The Monist 67 (3):341-358 (1984)

Recently there has been a revival of philosophic interest in, and discussion of, ‘relativism’. Debates concerning relativism, however, tend to have an odd air of unreality. It is odd that while most everyone wants to refute relativism, just about no one wants to be identified as a relativist. There is even a tendency to use ‘relativist’ as an epithet of abuse. But, if relativism is universally acknowledged to be refuted, even self-refuting, then why is there so much discussion of it, and why is there such a temptation to accuse opponents of this sin? The answer to this question which I wish to propose in this paper is that there are two sources for this situation. First, the fact that while no one sees themselves as relativists, many are seen as relativists suggests that there is a fair amount of current confusion in regard to what precisely ‘relativism’ is. Whenever there is a high degree of disagreement about the extension of a term, especially a term used to describe a philosophical position, it is reasonable to investigate whether there is some equivocation in the use of that term. Such an equivocation by itself, however, would not account for the present state of affairs. That ‘relativism’ is only applied to opponents suggests that there is some similarity between ‘relativist* positions, in at least some senses of that word, and some other positions that people are interested in defending.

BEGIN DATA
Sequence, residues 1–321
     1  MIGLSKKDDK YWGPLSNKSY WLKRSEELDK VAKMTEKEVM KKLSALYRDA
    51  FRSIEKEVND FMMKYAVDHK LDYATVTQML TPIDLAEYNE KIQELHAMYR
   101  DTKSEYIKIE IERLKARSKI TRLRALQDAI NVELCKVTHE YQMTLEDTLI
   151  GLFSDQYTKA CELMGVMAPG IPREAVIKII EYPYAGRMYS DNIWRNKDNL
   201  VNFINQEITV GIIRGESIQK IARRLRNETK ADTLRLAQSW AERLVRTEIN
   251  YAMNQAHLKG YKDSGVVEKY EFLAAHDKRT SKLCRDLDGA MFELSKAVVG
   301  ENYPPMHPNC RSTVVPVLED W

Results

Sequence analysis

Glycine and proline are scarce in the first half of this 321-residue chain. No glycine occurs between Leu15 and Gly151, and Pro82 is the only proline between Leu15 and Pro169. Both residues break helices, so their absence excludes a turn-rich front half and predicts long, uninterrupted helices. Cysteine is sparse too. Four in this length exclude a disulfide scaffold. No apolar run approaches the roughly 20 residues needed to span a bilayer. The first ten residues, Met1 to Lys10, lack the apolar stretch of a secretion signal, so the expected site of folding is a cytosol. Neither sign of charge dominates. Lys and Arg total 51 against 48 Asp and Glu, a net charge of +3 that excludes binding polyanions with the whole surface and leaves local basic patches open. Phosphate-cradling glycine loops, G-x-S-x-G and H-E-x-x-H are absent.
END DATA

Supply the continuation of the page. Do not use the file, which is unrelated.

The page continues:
Keywords Analytic Philosophy  Contemporary Philosophy  General Interest  Philosophy of Mind  Philosophy of Science
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ISBN(s) 0026-9662
DOI 10.5840/monist198467321
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